In 2013, a study reported that more than 50% of the Fortune 500 companies would soon allow their employees to use their personal computers for work-related tasks. Since then, we have definitely seen more on this front, especially because a mobile workforce prefers to work on mobile devices. But is it only about their preferences or the convenience BYOPC offers? Are there no business implications? Well, there certainly are – else BYOPC, as a trend, would have died down too, just like so many others.
In 2013, a study reported that more than 50% of the Fortune 500 companies would soon allow their employees to use their personal computers for work-related tasks.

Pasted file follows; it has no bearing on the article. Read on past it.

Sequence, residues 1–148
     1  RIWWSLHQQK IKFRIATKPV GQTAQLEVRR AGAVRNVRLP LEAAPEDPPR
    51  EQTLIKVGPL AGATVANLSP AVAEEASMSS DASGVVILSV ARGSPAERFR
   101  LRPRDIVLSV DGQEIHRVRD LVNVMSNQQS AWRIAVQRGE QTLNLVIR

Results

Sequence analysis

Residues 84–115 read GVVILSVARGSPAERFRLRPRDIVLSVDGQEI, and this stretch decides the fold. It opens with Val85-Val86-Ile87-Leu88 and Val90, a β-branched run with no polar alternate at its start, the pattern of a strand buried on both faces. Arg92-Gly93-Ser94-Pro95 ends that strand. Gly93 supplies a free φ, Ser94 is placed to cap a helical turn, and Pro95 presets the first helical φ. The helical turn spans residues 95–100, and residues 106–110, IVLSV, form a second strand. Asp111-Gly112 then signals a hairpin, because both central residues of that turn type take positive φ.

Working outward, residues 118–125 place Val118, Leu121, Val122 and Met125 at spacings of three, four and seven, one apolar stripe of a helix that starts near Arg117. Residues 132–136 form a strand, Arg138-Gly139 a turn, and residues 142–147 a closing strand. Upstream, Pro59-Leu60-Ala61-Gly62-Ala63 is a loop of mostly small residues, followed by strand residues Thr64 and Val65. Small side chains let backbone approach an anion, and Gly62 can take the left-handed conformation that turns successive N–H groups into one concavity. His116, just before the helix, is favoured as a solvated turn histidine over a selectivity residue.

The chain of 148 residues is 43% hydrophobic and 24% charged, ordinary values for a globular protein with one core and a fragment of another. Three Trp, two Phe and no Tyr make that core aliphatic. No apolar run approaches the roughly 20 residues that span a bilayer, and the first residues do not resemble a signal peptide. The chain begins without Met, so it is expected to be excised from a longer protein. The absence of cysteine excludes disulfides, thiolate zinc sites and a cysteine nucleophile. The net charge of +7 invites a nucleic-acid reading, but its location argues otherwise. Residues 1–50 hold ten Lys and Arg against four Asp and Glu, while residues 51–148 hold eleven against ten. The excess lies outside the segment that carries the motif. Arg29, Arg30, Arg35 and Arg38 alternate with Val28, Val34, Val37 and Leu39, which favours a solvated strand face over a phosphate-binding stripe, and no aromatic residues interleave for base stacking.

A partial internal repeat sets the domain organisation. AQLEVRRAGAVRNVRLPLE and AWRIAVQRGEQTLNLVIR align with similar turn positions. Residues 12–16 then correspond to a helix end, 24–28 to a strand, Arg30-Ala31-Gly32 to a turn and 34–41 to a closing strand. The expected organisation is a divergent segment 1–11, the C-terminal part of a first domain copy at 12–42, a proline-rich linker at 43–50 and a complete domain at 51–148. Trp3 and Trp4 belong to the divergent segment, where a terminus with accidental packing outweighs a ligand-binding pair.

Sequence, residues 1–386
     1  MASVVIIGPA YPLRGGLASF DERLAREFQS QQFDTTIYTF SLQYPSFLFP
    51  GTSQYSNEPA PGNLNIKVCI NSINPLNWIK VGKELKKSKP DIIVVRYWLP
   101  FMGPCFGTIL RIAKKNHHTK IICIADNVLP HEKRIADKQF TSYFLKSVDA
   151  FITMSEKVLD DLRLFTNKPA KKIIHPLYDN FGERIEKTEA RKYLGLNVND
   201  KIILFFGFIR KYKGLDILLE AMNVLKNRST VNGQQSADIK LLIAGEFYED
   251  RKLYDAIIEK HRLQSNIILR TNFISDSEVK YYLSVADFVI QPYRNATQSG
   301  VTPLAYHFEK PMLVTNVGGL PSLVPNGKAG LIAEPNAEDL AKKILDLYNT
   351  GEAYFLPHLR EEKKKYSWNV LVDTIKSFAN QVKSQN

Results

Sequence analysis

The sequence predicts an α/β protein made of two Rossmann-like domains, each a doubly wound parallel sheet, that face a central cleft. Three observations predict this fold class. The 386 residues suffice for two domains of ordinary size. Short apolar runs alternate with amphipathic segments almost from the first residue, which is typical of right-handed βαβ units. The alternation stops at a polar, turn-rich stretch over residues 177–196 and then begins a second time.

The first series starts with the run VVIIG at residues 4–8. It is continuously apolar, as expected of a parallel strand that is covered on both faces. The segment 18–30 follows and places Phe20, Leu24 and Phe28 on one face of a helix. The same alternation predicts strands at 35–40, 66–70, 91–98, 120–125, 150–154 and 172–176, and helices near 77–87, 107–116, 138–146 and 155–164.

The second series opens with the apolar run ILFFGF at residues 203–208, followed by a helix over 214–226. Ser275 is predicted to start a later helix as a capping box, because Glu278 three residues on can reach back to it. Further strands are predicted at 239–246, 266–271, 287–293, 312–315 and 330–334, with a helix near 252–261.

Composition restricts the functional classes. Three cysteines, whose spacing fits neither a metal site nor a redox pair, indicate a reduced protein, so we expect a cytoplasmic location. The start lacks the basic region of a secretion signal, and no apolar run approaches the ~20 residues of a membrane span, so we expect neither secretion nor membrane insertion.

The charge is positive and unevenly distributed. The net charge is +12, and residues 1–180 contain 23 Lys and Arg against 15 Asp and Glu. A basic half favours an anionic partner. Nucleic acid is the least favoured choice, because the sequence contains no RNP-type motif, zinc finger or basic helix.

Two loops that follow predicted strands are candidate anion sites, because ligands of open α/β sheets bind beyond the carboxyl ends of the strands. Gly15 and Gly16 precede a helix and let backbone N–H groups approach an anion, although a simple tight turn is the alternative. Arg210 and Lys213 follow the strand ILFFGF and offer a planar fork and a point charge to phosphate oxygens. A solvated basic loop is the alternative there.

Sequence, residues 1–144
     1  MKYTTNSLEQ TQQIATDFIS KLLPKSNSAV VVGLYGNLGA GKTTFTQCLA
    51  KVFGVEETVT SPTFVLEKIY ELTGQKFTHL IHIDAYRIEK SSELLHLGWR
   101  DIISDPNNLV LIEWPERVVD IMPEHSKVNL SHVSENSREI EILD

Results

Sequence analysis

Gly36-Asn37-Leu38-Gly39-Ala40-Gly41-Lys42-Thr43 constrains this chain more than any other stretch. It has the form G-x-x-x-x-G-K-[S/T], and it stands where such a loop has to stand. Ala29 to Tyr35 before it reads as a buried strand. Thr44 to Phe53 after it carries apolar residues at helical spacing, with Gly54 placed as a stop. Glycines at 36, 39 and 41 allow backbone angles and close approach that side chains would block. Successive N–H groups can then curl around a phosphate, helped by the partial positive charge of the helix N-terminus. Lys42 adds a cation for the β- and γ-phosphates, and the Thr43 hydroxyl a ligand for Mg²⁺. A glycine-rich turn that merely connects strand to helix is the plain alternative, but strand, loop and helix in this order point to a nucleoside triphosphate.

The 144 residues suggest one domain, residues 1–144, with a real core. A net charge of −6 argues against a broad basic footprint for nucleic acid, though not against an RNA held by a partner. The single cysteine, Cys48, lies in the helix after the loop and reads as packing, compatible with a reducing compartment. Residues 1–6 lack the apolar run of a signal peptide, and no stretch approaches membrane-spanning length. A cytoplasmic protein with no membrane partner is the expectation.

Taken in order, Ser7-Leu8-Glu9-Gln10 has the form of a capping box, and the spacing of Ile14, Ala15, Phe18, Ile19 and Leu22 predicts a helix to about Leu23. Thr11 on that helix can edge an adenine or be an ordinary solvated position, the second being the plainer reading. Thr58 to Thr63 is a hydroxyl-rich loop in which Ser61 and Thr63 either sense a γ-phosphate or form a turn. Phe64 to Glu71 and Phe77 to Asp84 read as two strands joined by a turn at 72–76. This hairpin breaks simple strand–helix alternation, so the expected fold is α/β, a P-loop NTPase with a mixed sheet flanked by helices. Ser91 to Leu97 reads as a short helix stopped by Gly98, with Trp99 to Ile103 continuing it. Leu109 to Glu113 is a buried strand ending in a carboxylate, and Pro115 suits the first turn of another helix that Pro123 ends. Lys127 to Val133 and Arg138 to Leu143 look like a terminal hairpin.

According to Duncan Stewart, Director of Research for Technology, Media and Telecommunications at Deloitte Canada, “Because employees are truly bringing their own computer, nothing gets expensed to the company.” So an increasing number of companies are embracing BYOPC, with some going a step further and giving employees allowances to buy work computers.
However, businesses must understand that although they aren’t paying for those computers upfront, there definitely are certain cost implications; and as it turns out, a few privacy and security issues, too, that need to be addressed. As Paul Lee, UK Partner and Global Head of Research for the Technology, Media, and Telecommunications (TMT) industry at Deloitte, cautions, “Although BYOC allows the IT environment to become more flexible, it also increases complexity.” That’s precisely why, businesses must have BYOPC policies in place.